How Disney movies influence boys and men.
Lots of people have argued that Disney spreads poisonous, sexist, and flawed portrayals of women and girls in society. They have said that all the Disney princesses are vapid, dependent on men, and define an unattainable standard of beauty. We study it, we read it, we discuss it, we get it. But girls are not the only ones who watch Disney films. Women are not the only ones who get nostalgic when watching Disney films. The Disney Prince is as ubiquitous as the Disney Princess. So how Disney is portraying boys and men?
A prince is always on his own
Rule 1: Be a lone wolf. A real man does not have a family or support system. Tarzan, Aladdin, and Prince Eric (The Little Mermaid) are only a few examples of Disney Princes who do not have parents, siblings or any other form of family. Even if the character has a loving family, once he becomes a man he leaves. For example, Hercules left his adoptive family to find himself. Simba left his mother and pride to survive.
This message reinforces the tenets of hegemonic masculinity. Boys are in this world alone, and their only strength can be found in themselves. Family is something that ties a man down. Rarely do male characters rely on loved ones for advice. To be a Momma’s Boy or too dependent on others (even though they unconditionally love you) is thought to suppress one’s manhood.
A prince shows no emotions
Rule 2: Never let ‘em see you cry. Without having a support system, it is not surprising that men grow up with the idea that they must never show their emotions or talk about how they feel. A prince can never cry, even if they lost a loved one or are even close to death. My only memory of a male Disney character is the cub Simba (Lion King) crying when his father died. This is only acceptable because he was young–he is allowed to cry, but only that once. Shang (Mulan), also portrayed the emotionless man. When his father died, he clenched his teeth and prepared for battle.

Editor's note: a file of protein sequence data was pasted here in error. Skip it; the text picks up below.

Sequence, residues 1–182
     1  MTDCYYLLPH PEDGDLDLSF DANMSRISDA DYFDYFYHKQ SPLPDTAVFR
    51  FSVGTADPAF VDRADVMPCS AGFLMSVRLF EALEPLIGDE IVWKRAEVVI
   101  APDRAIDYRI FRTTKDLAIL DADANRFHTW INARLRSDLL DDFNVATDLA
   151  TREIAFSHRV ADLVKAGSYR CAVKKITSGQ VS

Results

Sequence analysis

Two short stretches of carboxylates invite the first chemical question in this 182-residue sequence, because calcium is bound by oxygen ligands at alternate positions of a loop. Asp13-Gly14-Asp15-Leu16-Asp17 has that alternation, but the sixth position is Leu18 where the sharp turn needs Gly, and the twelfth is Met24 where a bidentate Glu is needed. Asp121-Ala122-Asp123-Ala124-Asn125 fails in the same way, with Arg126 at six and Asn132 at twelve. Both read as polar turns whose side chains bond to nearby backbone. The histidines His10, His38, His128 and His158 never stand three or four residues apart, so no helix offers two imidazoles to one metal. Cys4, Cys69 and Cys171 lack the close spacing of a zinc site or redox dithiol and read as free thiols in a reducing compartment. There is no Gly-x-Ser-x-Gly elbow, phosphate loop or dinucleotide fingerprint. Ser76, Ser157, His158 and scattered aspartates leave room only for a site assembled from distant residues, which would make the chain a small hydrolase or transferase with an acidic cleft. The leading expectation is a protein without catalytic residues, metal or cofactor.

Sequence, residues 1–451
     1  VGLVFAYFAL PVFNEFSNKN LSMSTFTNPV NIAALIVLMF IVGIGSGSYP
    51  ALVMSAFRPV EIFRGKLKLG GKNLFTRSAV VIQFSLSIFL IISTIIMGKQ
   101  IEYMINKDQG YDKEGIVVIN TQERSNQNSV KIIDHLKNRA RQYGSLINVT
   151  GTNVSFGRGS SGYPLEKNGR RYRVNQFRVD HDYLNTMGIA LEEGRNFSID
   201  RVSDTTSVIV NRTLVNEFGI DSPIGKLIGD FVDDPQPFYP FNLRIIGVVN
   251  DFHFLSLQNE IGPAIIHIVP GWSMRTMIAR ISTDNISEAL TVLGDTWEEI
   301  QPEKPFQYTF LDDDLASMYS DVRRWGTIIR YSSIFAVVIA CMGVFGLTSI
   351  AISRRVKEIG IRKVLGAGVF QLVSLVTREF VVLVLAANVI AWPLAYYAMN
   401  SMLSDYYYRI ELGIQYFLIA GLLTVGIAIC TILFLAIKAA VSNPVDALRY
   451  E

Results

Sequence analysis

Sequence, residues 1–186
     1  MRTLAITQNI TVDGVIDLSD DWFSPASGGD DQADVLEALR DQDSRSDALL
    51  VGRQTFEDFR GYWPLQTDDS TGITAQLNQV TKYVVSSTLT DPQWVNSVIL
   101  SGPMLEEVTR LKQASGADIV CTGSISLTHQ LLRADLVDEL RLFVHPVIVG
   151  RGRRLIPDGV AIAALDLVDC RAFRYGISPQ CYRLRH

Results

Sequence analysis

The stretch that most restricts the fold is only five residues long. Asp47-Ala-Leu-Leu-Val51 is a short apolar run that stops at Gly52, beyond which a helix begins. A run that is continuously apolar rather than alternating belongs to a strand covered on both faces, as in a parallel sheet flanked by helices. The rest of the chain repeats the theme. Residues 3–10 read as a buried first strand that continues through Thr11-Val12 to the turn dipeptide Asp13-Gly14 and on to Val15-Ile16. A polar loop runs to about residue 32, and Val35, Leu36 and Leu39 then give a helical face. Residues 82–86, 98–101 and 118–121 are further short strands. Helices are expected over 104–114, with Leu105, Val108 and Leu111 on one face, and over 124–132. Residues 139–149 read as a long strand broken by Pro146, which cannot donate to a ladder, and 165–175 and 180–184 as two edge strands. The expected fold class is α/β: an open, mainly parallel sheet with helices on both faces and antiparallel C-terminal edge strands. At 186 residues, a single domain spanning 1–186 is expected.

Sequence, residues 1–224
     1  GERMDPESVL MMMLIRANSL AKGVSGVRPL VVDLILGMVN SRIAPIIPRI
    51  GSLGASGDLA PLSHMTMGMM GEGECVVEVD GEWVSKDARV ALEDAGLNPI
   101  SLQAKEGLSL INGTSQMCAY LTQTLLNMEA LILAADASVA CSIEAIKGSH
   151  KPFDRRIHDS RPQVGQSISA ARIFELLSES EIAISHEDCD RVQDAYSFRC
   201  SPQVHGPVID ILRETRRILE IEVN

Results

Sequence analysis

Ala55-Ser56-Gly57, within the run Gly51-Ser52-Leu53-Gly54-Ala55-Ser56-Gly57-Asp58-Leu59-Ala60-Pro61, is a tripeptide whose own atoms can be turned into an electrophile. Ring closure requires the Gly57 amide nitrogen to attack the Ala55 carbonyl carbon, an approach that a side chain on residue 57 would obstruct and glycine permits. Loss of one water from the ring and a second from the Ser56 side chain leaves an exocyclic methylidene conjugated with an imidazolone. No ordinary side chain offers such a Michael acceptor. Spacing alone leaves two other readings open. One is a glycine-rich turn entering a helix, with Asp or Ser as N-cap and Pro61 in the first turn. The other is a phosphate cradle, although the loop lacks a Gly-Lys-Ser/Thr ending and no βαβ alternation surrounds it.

The only emotion that is acceptable for the men of Disney is anger. If you are sad, upset, disappointed, or frustrated, and you are a man, you release these feelings with anger. According to Disney, a real man solves his internal turmoil by yelling, throwing things, and being physically violent. For instance, the Beast (Beauty and the Beast), always turned to violence despite the audience knowing that he was actually emotionally damaged. We see the effects of these images on boys when we see men who are violent and hateful. These effects can be very dangerous.
A princess is the only valuable woman (Not all women are princess)
Rule 3: All Women are (Not) Princesses. Yes, if you are a prince you will find a princess and love her, respect her, and take care of her. But there is only one princess. There are many other women in the Disney universe, but they do not deserve the same respect and love as a Princess. At least that is the message that is being received by boys.
Take Gaston (Beauty and the Beast). There are other women who are in love with his “manliness” and muscles but they are depicted as dumb, ditzy, blondes. In the grown up world they resemble the girls that men believe they can have fun with, but never commit to or bring home. In Aladdin the girls, other than Jasmine, who like him are depicted as fat and ugly. So while the Disney prince will go to the ends of the world for his princess, not all women are worth this effort, in fact most do not deserve the slightest bit of respect. Once the Prince finds his princess he must protect and love her, although he may not know how to suddenly change his actions and attitudes about women.
A New Breed of Princes
New Rules? How can we protect the young and equally impressionable boys, who consume these restrictive messages about gender? We can begin to redefine masculinity in a way that fosters confident, mature, respectful men. By offering more nuanced portrayals of the “Prince,” we can buttress the persistent gender stereotypes replicated in Disney movies.
—Photo credit: epSos.de/Flickr